Tuesday, April 08, 2008

The power of positive thinking

How people interpret events and challenges can be very significant for their happiness and mental health. Positive affect expresses enthusiasm, activity, alertness, control, commitment and seeing difficulties as challenges with a general disposition towards a positive outlook and a satisfactory perception and appraisal of potentially stressful events. Negative affect is associated with measures of neuroticism and negative emotionality as well as marked symptoms of stress. High negative affect is associated with subjective complaints, poor coping and anxiety whereas high positive affect is associated with sociability, control, helpful behaviour, feelings of duty, accuracy, care in decision-making and positive attitude over time and circumstance. High positive affect individuals experience a greater appreciation of life, more security and self-confidence, more social relations and assertiveness and greater satisfaction with their friends. They are often described as passionate, happy, energetic and alert. Two Swedish studies looked at the influence of positive and negative affect on people's physical and psychological health. The first study was of 122 high-school students, aged between 17 and 19 and the second study was of 208 office workers aged between 27 and 61. The participants were divided into four groups on the basis of personality tests: 'self-fulfilling' - those high in positive affect and low in negative affect, 'high affective' - those high in both positive and negative affect, 'low affective' - those low in positive and negative affect and 'self-destructive' - those low in positive affect and high in negative affect. The participants were also asked about their psychological and physical health. 'Self-fulfilling' individuals were found to have 'markedly better health profiles' than the other three groups.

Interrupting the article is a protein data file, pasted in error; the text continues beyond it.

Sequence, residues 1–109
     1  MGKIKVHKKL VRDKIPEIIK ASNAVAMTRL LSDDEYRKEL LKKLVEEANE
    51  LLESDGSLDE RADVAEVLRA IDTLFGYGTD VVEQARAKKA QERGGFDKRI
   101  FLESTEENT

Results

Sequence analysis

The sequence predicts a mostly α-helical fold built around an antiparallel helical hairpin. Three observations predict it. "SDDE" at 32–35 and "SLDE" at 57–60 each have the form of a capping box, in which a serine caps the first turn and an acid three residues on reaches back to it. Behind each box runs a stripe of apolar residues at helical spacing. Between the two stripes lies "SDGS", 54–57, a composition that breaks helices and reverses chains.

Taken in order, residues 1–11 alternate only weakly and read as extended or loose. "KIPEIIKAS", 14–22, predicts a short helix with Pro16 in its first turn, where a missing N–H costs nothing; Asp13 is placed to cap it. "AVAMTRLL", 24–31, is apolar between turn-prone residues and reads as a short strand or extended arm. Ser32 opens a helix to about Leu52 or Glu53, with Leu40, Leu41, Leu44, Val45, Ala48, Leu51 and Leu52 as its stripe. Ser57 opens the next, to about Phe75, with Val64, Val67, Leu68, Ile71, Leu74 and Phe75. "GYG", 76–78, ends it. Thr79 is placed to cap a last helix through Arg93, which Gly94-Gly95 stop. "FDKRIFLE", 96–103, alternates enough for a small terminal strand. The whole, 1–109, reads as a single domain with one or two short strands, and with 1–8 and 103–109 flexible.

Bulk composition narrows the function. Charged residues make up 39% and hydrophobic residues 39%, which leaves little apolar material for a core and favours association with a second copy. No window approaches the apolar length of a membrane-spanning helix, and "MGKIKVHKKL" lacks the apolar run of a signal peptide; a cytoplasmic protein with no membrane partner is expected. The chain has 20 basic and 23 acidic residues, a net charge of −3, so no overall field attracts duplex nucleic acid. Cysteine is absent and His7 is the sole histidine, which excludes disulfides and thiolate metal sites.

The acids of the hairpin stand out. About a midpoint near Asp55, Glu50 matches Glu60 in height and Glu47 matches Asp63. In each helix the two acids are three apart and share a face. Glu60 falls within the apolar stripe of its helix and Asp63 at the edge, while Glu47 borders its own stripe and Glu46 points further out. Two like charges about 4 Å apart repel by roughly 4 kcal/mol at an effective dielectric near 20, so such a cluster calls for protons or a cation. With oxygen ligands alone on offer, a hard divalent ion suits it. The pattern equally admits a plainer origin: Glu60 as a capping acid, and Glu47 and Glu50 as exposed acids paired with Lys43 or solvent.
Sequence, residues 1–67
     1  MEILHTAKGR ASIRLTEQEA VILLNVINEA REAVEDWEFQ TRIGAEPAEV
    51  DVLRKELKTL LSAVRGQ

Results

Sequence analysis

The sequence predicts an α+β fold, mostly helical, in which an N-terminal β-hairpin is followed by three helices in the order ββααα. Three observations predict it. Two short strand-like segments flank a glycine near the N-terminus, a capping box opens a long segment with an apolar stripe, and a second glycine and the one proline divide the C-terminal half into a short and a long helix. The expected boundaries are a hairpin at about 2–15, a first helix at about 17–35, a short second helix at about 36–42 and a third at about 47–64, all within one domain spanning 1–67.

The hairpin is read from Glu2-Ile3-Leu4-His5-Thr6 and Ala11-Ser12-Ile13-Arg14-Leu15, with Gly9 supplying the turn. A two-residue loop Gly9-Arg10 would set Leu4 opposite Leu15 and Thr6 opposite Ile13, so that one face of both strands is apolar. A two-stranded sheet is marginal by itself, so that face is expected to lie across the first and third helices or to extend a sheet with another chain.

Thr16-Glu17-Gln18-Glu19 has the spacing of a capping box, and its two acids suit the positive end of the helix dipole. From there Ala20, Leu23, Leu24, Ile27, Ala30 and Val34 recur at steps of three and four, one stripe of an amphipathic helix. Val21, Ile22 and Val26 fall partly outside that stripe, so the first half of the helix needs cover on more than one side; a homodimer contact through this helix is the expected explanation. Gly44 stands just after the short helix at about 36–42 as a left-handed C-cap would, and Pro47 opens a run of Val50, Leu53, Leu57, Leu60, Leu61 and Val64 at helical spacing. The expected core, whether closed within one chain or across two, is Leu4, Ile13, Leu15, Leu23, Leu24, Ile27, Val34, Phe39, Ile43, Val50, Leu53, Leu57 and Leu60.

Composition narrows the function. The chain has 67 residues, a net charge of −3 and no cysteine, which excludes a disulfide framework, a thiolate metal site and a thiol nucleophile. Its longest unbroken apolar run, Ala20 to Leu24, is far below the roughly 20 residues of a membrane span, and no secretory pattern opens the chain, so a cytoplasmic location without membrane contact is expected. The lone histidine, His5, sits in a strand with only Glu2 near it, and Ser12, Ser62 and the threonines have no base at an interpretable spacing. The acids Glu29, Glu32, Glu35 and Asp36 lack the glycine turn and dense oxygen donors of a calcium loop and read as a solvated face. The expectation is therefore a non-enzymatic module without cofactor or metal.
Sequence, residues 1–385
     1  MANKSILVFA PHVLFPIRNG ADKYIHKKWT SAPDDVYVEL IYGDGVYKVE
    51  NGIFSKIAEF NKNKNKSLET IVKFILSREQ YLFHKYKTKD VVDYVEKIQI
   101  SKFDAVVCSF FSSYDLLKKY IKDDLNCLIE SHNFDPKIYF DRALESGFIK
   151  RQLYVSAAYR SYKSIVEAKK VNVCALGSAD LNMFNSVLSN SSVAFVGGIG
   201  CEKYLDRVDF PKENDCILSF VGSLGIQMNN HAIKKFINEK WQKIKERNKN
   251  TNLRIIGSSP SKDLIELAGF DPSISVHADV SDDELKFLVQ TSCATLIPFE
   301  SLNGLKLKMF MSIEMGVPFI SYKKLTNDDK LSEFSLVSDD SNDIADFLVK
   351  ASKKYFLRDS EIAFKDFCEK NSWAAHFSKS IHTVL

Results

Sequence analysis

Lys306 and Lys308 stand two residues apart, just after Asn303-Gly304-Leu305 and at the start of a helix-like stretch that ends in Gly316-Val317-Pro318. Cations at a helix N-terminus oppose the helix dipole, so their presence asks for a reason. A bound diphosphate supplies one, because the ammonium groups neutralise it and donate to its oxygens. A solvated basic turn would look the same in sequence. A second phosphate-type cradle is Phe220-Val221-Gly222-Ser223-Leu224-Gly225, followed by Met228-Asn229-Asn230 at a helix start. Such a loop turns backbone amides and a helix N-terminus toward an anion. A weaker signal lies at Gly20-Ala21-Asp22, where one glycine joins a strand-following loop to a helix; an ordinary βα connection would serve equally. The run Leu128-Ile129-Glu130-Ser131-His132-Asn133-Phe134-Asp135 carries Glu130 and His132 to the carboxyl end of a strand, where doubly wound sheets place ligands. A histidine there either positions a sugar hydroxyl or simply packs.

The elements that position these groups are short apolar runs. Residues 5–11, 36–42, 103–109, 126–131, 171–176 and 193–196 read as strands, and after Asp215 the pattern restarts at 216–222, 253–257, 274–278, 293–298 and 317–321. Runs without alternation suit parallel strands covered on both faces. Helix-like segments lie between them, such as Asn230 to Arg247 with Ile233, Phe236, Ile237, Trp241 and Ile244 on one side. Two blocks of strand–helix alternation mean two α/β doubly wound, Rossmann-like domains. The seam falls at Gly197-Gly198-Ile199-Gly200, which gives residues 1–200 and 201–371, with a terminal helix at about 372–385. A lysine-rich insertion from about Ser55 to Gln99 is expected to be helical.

Archer, Trevor ... [et al] - Influence of affective personality on cognition-mediated emotional processing: need for empowerment European Journal of Psychiatry 2007, 21(4), 248-262

No comments: